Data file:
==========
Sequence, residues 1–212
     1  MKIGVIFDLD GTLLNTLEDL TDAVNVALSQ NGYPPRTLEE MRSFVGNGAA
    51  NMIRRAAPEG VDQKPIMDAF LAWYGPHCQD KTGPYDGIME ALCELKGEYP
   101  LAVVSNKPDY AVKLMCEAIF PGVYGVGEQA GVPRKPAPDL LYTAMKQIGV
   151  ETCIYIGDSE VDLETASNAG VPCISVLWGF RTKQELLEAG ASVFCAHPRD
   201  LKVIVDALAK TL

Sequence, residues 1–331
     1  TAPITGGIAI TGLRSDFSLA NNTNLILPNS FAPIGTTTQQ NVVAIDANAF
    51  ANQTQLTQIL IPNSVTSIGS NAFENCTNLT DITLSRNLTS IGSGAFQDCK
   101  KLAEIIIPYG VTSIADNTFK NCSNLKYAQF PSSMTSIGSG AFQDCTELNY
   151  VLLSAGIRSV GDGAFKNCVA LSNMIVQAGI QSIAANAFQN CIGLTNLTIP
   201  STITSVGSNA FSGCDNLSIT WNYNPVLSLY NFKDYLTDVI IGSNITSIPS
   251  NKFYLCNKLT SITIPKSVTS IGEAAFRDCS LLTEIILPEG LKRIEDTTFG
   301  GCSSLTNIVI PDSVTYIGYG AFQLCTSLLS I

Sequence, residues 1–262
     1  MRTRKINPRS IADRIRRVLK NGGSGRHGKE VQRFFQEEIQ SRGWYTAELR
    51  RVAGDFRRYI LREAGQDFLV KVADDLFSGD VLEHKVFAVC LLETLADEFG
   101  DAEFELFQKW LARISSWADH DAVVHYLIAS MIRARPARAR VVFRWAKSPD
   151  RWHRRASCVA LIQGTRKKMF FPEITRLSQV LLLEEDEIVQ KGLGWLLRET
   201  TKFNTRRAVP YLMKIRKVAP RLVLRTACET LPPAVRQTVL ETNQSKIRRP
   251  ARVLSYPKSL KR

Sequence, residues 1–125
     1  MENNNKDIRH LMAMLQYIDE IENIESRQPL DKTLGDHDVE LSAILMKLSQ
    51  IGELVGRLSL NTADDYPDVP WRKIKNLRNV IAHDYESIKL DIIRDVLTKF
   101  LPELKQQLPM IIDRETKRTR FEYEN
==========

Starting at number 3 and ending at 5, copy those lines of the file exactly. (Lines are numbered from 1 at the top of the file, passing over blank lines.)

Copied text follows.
    51  NMIRRAAPEG VDQKPIMDAF LAWYGPHCQD KTGPYDGIME ALCELKGEYP
   101  LAVVSNKPDY AVKLMCEAIF PGVYGVGEQA GVPRKPAPDL LYTAMKQIGV
   151  ETCIYIGDSE VDLETASNAG VPCISVLWGF RTKQELLEAG ASVFCAHPRD